CHRI’s “Virtual Police Station” makes waves in Kolkata

February 24, 2017

To demystify the criminal justice system for students, the Commonwealth Human Rights Initiative (CHRI) showcased its groundbreaking multimedia tool--“Virtual Police Station” (VPS) at the inauguration of Amity Law School’s legal aid clinic in Kolkata today. 

The presentation was followed by a discussion on policing and human rights with eminent luminaries such as Justice Ruma Pal, Former Judge, Supreme Court of India & Member of CHRI’s Executive Council; Dhrubajyoti Chattopadhyay, Vice Chancellor, Amity University Kolkata; Debashish Roy, Additional Director General and Inspector General of Police, West Bengal Human Rights Commission; KK Mallick, Inspector General of Police, Telecommunications, West Bengal and Devika Prasad, Coordinator, Police Reforms Programme, CHRI. 

This was the first time the VPS was demonstrated in West Bengal, since the application’s launch in November 2015.  CHRI joined hands with the Amity Law School for this special program following the latter’s plan to establish the legal aid clinic. The clinic aims to raise public awareness on law and provide legal assistance and advice to the public where possible. 

For students and the public, a detailed understanding of legal procedures and how the police should interact with the people they come in contact with is essential. This is because the police are at the frontline of the criminal justice system. And that is where the VPS comes in. Developed by CHRI with the cooperation of the Rajasthan Police, this is a first-of-its-kind multimedia training tool that provides information and visuals at the click of a mouse. The VPS makes use of 360-degree video technology. Users can virtually “walk through” every room of a police station and learn the laws and procedures relating to registering complaints, arrest, and more.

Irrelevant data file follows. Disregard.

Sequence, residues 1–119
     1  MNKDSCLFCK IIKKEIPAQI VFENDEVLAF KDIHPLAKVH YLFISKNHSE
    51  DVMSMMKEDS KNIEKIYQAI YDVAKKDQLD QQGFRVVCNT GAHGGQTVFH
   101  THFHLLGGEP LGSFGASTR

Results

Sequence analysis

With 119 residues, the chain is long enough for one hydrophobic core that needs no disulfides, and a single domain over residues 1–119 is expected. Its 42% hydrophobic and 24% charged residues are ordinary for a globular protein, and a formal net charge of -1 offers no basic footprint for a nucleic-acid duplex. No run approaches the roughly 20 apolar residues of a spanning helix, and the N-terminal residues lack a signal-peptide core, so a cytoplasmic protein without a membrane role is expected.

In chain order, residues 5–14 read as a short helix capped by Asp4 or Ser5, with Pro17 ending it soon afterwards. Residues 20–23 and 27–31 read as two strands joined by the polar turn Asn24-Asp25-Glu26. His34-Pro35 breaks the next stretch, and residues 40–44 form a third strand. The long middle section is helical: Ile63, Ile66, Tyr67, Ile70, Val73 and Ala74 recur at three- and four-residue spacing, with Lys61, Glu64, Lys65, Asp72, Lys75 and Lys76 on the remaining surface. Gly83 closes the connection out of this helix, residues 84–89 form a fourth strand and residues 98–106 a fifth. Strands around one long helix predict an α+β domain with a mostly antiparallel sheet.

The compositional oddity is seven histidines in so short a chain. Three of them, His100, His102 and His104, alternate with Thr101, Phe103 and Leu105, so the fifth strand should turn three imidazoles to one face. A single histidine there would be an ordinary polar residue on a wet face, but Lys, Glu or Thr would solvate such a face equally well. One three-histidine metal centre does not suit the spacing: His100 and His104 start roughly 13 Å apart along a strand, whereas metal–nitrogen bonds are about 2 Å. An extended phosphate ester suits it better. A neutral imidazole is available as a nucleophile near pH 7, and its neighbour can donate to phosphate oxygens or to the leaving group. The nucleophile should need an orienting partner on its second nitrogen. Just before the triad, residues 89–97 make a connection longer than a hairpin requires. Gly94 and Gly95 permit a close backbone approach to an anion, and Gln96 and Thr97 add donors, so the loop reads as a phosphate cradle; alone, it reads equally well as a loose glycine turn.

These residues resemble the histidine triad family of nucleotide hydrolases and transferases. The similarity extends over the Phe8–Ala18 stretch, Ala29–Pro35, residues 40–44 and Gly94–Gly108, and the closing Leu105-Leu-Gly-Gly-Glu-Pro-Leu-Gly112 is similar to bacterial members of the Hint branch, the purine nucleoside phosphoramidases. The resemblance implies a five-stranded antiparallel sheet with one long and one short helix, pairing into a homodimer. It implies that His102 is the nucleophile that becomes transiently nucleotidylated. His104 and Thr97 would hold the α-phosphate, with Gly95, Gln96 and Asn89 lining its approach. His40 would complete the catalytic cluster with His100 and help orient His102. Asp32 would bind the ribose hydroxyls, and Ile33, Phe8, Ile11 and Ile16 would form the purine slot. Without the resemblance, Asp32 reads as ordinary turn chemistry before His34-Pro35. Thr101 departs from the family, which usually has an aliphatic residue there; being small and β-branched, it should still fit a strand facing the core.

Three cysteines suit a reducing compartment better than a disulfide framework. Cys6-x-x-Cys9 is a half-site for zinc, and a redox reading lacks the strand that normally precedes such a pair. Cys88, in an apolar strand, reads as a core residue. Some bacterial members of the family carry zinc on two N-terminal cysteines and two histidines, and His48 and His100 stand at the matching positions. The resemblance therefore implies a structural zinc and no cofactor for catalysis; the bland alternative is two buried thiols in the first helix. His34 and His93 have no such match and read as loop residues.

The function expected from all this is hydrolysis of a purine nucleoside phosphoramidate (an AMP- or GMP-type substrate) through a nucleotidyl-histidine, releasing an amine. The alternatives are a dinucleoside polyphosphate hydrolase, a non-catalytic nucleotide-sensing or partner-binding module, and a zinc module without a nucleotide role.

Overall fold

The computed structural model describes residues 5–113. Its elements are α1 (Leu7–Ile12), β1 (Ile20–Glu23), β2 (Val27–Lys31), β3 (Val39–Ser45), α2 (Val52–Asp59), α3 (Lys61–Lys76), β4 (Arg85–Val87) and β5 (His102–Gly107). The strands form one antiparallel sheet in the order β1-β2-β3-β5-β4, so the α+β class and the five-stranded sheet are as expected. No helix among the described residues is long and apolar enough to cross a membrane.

Appreciating the VPS, Justice Pal said, “It helps the police officers in understanding their roles and duties, public in understanding their rights and ultimately building trust within an agency.”  Mullick called VPS a ‘very useful and intelligently designed tool’, and said, “One of the biggest achievements is that it charts out the rights and privileges of the accused along with the duties of the Police Officers. This would go a long way in helping the both the public as well as the police officers in asserting their rights and fulfilling their duties. It takes a huge step in spreading legal awareness."